I realised recently that there were a few locations from my latest American adventure that I didn't get around to posting for one reason or another so what better way to revive them than with this complete gem. It was by far the biggest unexpected surprise of my trip, located only two blocks away from where I was staying with friends at the time. The premises were originally occupied by a company who specialised in transmission systems and driveshafts for all manner of industries around the...
    4 replies | 643 view(s)
  • HughieD's Avatar
    30th Oct 19, 22:57
    1. The History The Grade II listed farmhouse lies in the Leicestershire village of Beeby. The house dates back to the early 19th Century and is notable for its Flemish bond brickwork and low pitched Swithland slate roof. John Davies and his wife, Vicky, were the last residents of the farm and occupied Home Farm for a number of years. Mr Davies was a farmer (possibly dairy) and lived in the house until his death in November 2009. The house then appears to have empty since 2011. In...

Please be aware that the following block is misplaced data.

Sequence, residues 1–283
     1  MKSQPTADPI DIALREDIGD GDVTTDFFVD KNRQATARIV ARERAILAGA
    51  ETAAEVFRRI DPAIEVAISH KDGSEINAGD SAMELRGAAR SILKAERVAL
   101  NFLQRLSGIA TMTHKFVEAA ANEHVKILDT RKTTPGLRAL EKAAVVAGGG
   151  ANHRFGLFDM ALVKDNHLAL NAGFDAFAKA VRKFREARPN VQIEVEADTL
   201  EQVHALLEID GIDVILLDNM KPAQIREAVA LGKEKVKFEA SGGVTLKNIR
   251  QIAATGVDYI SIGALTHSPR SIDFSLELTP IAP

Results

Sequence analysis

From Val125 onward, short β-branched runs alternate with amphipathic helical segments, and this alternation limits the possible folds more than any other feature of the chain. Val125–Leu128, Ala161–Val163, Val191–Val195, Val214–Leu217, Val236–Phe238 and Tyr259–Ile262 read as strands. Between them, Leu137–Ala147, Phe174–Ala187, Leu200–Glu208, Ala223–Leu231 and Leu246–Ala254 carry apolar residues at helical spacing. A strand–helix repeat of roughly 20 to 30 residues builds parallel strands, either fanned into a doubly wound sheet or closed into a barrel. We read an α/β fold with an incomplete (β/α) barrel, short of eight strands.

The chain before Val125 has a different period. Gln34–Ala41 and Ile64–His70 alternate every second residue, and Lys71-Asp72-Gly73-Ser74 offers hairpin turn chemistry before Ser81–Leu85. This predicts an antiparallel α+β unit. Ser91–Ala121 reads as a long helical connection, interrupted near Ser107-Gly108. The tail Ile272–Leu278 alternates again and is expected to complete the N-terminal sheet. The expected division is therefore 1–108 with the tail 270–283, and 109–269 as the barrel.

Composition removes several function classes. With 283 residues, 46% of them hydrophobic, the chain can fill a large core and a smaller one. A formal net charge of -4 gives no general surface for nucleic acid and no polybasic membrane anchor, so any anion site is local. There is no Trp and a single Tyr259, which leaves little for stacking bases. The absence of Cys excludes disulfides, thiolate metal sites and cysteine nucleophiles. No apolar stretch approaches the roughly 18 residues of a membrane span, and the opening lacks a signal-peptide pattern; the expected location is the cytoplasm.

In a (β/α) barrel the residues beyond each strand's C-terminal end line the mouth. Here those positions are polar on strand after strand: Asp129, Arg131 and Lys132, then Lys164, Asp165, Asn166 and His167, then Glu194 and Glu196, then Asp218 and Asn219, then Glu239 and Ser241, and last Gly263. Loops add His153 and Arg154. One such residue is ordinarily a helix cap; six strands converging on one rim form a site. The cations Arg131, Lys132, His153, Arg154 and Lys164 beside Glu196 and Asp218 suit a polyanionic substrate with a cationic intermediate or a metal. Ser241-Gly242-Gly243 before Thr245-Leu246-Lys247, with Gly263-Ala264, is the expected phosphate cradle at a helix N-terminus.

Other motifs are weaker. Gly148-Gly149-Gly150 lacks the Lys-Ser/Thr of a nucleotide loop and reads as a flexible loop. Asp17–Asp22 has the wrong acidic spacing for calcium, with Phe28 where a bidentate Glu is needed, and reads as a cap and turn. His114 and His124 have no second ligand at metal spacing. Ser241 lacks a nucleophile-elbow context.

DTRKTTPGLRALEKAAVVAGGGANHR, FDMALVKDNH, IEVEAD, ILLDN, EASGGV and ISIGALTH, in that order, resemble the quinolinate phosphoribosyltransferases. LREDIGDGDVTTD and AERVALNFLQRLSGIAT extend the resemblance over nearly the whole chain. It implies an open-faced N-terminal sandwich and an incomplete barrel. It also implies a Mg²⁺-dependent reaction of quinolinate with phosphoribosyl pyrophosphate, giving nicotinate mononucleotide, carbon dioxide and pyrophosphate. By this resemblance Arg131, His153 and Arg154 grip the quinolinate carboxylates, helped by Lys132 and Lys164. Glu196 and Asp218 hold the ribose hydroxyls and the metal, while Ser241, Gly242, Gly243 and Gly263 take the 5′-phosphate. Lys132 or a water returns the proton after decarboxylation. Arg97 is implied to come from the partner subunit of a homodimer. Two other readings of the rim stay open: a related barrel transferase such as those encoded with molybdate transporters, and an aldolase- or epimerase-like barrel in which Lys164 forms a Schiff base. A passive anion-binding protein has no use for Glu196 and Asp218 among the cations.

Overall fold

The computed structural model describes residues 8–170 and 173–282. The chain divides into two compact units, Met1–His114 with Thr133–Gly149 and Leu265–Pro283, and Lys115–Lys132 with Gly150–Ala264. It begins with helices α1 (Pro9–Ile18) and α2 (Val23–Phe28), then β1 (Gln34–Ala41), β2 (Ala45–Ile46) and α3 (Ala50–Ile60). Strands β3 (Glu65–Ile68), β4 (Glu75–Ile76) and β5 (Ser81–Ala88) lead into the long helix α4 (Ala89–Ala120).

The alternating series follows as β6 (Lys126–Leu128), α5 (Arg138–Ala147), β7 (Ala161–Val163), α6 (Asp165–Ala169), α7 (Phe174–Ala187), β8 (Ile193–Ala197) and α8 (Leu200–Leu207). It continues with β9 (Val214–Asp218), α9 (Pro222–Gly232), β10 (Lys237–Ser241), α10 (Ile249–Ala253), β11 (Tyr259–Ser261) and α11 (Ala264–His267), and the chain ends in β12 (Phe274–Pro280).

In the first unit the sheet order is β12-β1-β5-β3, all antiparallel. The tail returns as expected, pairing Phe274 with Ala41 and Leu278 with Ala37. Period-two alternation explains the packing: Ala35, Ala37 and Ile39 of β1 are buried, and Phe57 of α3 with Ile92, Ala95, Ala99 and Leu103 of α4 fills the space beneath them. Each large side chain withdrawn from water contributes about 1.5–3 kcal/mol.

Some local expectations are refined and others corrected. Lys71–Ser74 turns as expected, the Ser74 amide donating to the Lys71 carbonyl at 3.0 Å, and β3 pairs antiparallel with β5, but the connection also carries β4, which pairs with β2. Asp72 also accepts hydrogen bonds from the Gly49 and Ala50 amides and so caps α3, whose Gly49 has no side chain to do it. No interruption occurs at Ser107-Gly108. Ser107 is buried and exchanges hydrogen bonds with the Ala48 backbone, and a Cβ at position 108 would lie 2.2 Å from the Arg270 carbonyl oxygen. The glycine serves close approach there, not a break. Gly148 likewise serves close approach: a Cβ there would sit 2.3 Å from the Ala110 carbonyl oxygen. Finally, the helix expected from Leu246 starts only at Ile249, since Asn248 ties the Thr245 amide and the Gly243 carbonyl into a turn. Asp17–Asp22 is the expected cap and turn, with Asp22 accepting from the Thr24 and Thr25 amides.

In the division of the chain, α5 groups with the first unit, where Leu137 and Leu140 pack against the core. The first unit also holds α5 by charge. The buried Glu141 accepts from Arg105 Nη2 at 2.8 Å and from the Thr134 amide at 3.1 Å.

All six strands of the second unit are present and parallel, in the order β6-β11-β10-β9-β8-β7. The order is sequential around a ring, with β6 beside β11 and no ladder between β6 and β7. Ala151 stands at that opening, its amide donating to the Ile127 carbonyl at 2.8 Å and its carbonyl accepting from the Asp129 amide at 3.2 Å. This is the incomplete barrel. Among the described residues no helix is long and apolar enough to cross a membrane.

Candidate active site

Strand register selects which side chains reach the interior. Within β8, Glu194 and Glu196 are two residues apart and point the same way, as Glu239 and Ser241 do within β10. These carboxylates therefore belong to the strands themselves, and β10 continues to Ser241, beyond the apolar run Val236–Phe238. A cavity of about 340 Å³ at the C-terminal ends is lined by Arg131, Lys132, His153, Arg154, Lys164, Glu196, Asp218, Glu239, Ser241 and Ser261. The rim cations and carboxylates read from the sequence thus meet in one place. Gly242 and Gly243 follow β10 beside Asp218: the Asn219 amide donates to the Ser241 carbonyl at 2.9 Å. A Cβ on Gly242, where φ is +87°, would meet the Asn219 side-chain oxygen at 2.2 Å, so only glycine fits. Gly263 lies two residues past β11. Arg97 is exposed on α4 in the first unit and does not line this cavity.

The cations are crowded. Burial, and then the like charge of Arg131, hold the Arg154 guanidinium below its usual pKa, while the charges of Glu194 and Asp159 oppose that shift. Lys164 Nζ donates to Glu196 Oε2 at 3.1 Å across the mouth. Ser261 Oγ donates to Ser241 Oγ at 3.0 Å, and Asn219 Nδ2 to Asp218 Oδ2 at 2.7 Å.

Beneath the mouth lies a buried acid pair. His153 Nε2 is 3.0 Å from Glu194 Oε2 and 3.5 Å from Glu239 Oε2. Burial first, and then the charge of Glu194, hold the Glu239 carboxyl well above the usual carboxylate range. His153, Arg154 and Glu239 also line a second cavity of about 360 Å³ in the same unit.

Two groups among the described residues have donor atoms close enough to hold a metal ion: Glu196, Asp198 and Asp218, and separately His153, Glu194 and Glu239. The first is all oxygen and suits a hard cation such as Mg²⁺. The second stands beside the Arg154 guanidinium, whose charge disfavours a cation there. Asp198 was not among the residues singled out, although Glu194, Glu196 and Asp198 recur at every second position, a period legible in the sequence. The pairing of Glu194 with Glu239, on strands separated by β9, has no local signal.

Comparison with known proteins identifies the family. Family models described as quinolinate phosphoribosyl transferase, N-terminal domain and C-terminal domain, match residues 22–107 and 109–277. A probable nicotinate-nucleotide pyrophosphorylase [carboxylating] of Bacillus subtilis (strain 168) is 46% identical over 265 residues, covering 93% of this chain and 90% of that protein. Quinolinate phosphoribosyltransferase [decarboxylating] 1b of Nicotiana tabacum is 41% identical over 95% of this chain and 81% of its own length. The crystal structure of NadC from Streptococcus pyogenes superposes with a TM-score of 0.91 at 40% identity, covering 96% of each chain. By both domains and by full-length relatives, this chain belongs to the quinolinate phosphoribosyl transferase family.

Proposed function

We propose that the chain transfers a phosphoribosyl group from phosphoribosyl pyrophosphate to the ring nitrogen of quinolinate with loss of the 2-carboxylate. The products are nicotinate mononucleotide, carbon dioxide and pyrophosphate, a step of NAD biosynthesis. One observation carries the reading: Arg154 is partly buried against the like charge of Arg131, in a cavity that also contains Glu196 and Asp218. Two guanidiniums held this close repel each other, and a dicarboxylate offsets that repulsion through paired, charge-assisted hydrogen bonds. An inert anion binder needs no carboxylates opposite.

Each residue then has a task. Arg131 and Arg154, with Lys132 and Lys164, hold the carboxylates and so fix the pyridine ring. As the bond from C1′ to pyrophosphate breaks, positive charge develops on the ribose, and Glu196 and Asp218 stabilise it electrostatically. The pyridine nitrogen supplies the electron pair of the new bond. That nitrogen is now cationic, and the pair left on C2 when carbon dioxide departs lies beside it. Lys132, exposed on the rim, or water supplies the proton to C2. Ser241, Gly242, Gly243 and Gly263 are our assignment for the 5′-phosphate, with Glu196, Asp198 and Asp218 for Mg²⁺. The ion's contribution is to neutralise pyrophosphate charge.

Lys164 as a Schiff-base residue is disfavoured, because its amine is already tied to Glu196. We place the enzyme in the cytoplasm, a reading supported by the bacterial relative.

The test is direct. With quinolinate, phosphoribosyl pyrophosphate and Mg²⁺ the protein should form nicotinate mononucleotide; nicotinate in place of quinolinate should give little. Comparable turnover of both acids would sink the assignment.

2 replies | 936 view(s)
  • jolly_roger1992's Avatar
    18th Oct 19, 17:56
    Little wander around the very tired old buildings http://imgur.com/gallery/zaFSmYp https://i.imgur.com/ZWwqvGM.jpg https://i.imgur.com/i8MuAIo.jpg https://i.imgur.com/aimzPoZ.jpg
    3 replies | 820 view(s)
  • UrbandonedTeam's Avatar
    25th Oct 19, 17:03
    Georgian House We overestimated any protection that was on this place. For about 45 mins we pushed through thick undergrowth to take a 'lowkey' approach to the building, when in reality, we could've wandered round the front past the old CCTV cameras, as the property wasn't sealed at all, with even the front door being open.
    1 replies | 957 view(s)
  • HughieD's Avatar
    14th Oct 19, 23:33
    1. The History Very little history available about this place but it is thought the factory was once connected to an old Swire paint making division during Hong Kong’s manufacturing heyday between the 1950s and 1970s, when the city cleaned itself up after the World War and the military occupation by Japan. This concrete carbuncle can be found crumbling away on the north-west side of Hong Kong on the island of Tsing Yi. The two main buildings are made up of a series of pillars, supports and...
    4 replies | 509 view(s)
  • HughieD's Avatar
    20th Oct 19, 10:35